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Oct 17, 2011   |  2:04PM AET

Are Brisbane Australia’s ‘Invincibles’?

Are Brisbane Australia’s ‘Invincibles’?

The defending champions cruised to a 2-0 victory in Sydney on Saturday night to post their 30th consecutive match unbeaten.

The defending champions cruised to a 2-0 victory in Sydney on Saturday night to post their 30th consecutive match unbeaten.

Ange Postecoglou-s team has not lost a match since being beaten by Melbourne Victory 2-0 on September 10th 2010, well over a year ago.

Their current run represents the richest vein of form of any professional football team, across all codes, this country has ever seen.

It-s a remarkable achievement made more so by the structure of the Hyundai A-League that has up until now tended to mitigate against the building of football dynasties.

With its tight salary cap and a propensity for a high level of player movement, no club has been able to secure back to back titles. This Brisbane Roar combination looks the most likely candidate to defy that trend.

Saturday-s win over the Sky Blues is hardly likely to be the feature item on an already crowded highlights reel of the Roar-s recent triumphs.

Still, it told us much about just how far ahead of the pack the men in Orange are.

For periods of the game Sydney seemed capable of engaging in an arm wrestle with the champions, enjoying moments when they threatened, but moments are not enough against this team.

Sydney FC were in a combative mood, doing their utmost to disrupt the Roar-s mesmeric fluency. Vitezsalav Lavitcka-s men had racked up half a dozen fouls before the game was quarter of an hour old.

It went some way to frustrate the Roar, but good teams know they-ll wear a few bruises in pursuit of their ultimate goal and are hardened to the physical challenges of being the hunted.

And right now Postecolgou-s men are most definitely the biggest beast in the game park.

They-ve developed a one-touch passing game that demands movement off the ball, rewards intelligent and daring runs and has given players confidence to attempt defence splitting passes that unlock the game at critical moments.

And it makes it damn tough for opposition teams to spend any meaningful time on the ball, building pressure and probing for weaknesses.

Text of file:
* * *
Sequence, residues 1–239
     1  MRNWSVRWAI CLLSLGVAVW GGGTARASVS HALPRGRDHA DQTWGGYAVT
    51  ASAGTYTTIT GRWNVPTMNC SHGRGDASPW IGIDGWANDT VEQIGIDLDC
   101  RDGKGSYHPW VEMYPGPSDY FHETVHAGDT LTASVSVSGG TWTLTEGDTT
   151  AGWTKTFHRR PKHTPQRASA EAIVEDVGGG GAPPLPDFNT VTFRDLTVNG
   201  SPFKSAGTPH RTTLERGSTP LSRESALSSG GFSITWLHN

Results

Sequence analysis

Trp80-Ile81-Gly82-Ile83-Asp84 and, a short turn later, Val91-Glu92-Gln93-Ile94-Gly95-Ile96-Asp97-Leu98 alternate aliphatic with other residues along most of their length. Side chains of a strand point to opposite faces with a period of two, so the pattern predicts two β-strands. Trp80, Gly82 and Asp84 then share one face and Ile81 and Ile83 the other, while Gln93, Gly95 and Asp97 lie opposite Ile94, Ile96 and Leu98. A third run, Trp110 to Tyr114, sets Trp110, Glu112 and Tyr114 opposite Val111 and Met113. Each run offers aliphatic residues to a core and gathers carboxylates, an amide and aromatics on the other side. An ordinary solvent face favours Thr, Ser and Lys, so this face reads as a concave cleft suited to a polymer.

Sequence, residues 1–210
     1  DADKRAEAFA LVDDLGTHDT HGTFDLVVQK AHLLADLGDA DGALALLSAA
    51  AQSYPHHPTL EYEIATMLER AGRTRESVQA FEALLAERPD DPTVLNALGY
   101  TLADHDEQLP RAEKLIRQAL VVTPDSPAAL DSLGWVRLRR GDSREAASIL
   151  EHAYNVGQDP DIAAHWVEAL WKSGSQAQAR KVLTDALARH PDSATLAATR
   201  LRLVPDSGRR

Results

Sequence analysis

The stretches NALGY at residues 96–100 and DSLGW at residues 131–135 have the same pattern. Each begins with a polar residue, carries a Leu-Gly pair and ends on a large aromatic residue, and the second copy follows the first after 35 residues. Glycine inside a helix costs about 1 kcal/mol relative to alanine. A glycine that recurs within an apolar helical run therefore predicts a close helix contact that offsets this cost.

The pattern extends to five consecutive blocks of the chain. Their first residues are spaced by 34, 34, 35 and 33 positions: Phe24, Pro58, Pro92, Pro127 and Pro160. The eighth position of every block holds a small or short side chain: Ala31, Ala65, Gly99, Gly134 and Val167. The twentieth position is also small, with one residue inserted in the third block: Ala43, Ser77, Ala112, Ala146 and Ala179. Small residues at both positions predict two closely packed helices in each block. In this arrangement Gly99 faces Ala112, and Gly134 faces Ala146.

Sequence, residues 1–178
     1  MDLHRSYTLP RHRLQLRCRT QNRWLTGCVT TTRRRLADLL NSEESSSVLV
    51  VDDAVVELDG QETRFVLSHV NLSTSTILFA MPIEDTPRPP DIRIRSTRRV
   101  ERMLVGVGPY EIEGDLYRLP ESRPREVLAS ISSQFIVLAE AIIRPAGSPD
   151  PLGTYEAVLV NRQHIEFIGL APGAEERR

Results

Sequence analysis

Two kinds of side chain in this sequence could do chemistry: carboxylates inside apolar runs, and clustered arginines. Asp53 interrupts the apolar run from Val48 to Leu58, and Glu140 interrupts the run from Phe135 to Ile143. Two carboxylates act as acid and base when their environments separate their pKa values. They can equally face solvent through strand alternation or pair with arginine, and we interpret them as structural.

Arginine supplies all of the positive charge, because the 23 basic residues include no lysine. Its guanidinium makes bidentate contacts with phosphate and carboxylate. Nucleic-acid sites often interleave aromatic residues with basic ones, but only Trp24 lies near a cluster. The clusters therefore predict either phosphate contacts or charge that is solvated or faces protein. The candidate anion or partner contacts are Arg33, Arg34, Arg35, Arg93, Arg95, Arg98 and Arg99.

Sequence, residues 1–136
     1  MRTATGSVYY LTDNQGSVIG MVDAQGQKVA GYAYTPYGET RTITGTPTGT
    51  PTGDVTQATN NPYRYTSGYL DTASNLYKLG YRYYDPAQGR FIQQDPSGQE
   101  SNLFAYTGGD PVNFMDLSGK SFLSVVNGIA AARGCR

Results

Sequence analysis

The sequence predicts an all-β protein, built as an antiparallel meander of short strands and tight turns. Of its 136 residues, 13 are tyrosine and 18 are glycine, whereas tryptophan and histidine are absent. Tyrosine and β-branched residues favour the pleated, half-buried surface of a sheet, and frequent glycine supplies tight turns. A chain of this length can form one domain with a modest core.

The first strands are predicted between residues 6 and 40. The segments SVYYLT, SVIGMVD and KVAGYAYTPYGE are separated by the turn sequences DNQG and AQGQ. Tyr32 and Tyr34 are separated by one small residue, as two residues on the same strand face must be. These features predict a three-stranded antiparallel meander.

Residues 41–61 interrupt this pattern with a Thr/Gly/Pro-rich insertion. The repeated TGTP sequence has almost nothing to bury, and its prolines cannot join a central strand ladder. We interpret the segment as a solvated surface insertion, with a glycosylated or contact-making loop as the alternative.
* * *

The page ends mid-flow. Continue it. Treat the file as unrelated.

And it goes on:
That Brisbane Roar enjoyed 59 per cent of possession away from home against a team hoping to challenge for the title speaks volumes about just how big the gap is becoming between the champions and those challenging.

Most crucially, when opportunities are created they are taken with at time breath taking daring. The Roar-s second goal was a showpiece of “Roar ‘ball”.

Mitch Nichols picked up a loose ball, setting Kofi Danning free down the right. The incisive cross into the box, the sublime dummy that wrong footed the defence. Then came the cool, emphatic finish by German star Thomas Broich.

Football – made in Brisbane.

What makes it more remarkable is Postecoglou-s ability to adapt to losing key personnel and being able to not just carry on regardless, but prosper. At the start of last season it was Tommy Oar, Michael Zullo and Adam Sarota.

This season, inspirational captain Matt McKay took off to try his luck with Glasgow Rangers whilst the man who delivered 11 goals in their championship run, Jean Carlos Solorzano headed to Melbourne to hook up with the Victory whilst Kiwi Kosta Barbarouses packed his bags for Russian club FC Alania Vladikavkaz.

Most teams in the A League bleeding talent would soon by on the critical list. Not the Roar. In comes Albanian striker Besart Berishia, Canadian midfielder Issey Nakajima-Farran and the show rolls on.

And the coach is certain we haven-t seen the best of Brisbane yet.

“I know that obviously we’ve made some major strides in the last 14 months but for my mind and where we’re at, we’ve only taken the first few steps in what’s achievable.

“Even after you come away from home, you win 2-0 pretty comprehensively against a team I think will be up there challenging but I still feel there’s improvement in us,” Postecoglou said after the match.

It-s a statement that will give opposition teams and coaches and teams nightmares.

Because right now, the Roar are playing the type of football they can only dream about.